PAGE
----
When Keller Dover's daughter and her friend go missing, he takes matters into his own hands as the police pursue multiple leads and the pressure mounts. But just how far will this desperate father go to protect his family?
Mathilda, a twelve-year old New York girl, is living an undesirable life among her half-family. Her father stores drugs for two-faced cop Norman Stansfield. Only her little brother keeps Mathilda from breaking apart. One day, Stansfield and his team take cruel revenge on her father for stretching the drugs a little, thus killing the whole family. Only Mathilda, who was out shopping, survives by finding shelter in Léon's apartment in the moment of highest need. Soon, she finds out about the strange neighbour's unusual profession - killing - and desperately seeks his help in taking revenge for her little brother. Léon, who is completely unexperienced in fatherly tasks, and in friendships, does his best to keep Mathilda out of trouble - unsuccessfully. Now, the conflict between a killer, who slowly discovers his abilities to live, to feel, to love and a corrupt police officer, who does anything in his might to get rid of an eye witness, arises to unmeasurable proportions - all for the ... Written by
Julian Reischl <email@example.com>
Natalie Portman's parents were extremely worried about the smoking scenes in the film, and before they allowed Natalie to appear, they worked out a contract with Luc Besson which had strict mandates as regards the depiction of smoking; there could only be five smoking scenes in the film, Portman would never be seen to inhale or exhale smoke, and Mathilda would give up during the course of the film. If one watches the film closely, one can see that all of these mandates were rigidly adhered to; there are precisely five smoking scenes, Portman is never seen inhaling or drawing on a cigarette, nor is she ever seen exhaling smoke, and Mathilda does indeed give up during the course of the film (in the scene outside the Italian restaurant, when Leon asks her to quit smoking, stop cursing, and not hang out with 'that guy. He looks like a weirdo.'). See more »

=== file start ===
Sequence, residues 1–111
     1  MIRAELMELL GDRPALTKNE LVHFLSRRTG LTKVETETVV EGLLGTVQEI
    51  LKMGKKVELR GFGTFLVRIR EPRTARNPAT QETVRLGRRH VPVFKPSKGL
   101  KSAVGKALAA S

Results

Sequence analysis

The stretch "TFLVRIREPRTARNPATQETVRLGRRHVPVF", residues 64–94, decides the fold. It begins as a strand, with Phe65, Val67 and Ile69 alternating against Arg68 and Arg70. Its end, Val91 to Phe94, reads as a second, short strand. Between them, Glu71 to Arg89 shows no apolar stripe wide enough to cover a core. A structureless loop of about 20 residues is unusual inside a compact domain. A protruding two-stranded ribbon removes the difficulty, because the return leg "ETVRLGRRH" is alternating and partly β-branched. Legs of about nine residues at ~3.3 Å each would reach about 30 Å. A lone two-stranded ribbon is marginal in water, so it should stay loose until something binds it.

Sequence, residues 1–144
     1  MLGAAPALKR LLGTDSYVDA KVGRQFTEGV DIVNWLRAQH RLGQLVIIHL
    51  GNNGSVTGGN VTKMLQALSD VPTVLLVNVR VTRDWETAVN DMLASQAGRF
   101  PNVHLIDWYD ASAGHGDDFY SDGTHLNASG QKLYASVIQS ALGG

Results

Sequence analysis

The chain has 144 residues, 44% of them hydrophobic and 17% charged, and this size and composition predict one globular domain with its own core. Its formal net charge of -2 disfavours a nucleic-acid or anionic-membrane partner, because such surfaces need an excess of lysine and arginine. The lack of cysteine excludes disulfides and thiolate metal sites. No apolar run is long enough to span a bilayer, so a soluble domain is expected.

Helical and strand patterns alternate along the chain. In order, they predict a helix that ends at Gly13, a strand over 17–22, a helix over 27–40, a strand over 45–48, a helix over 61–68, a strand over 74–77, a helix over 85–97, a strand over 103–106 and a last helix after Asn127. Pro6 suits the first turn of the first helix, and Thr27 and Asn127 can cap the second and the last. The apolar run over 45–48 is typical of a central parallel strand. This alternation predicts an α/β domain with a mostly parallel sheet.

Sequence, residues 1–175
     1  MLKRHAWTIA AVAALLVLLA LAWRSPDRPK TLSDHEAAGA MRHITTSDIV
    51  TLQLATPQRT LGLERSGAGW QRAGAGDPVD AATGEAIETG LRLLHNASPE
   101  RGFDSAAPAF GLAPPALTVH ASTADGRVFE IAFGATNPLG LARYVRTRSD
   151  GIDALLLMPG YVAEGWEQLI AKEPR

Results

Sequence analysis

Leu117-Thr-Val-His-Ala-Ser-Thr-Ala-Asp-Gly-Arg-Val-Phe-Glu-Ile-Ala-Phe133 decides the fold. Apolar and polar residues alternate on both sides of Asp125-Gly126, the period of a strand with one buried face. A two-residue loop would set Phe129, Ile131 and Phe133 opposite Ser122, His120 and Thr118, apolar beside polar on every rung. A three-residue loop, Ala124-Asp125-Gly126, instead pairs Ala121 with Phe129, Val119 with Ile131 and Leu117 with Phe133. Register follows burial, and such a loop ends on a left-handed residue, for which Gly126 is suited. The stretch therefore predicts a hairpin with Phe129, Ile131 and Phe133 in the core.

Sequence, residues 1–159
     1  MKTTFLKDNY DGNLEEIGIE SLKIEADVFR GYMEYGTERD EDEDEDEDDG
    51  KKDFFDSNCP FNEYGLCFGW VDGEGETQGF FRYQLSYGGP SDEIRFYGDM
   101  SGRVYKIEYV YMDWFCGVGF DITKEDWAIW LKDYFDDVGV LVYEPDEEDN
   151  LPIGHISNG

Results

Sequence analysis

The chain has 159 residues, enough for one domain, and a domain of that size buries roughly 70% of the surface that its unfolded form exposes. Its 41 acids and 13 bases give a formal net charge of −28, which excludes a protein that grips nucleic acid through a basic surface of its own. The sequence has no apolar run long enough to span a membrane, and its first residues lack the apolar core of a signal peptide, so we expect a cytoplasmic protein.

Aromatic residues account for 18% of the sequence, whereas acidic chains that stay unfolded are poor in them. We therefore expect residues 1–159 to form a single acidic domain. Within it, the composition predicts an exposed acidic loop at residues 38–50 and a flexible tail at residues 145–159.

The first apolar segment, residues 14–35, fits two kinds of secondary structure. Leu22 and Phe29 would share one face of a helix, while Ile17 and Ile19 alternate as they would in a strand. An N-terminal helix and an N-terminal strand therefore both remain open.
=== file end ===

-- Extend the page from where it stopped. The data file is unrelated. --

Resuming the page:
On the Uncut version, when Mathilda goes on her first "hit", she loads her gun with an empty magazine and shoots her mark with two red paintballs. See more »
Allora, come stai, Leone?
[Tony puts out his cigarette in an ashtray]
OK. OK. Let's talk business.
See more »
Under the "SPECIAL THANKS" heading you will find: Chevalier KAMEN (Prince of the Mash Potatoes) Byblos Bill (King of Saint Tropez) Princess Trudy (Queen of Hearts) See more »
"...if it's from a person who doesn't care about it."
What really stands out for me (aside from the really excellent direction of the action sequences) is the too-brilliant for its own good script. Oldman,Reno, and Portman deliver lines that would seem goofy if spoken by lesser performers. Oldman especially chews the scenery in a way that's both amusing and utterly menacing. I wonder if his Beethoven obsession is a nod to the ultra-violent Alex from A Clockwork Orange?
The American version ("The Professional") was the first version I saw. I'd originally had no real intention of seeing it because I'd read a pretty savage review of it likening it to child pornography. Clearly this particular reviewer had his head firmly planted in his rear. I'm surprised he could find room what with that tremendous stick in the way. Anyway, once I finally saw "Leon" for myself - thanks to my cinemaphile grandfather - I observed no such thing. This wasn't smut, it was love. Leon has no interest in Matilda sexually, but loves her as a father would love a daughter.
If you have a choice then go for the longer director's cut. You get about 15 minutes more film - and not just filler. These are scenes that truly expand upon the story.
My only complaints are about the almost complete under use of the completely underrated Danny Aiello, and Oldman's single dimensional evilness.
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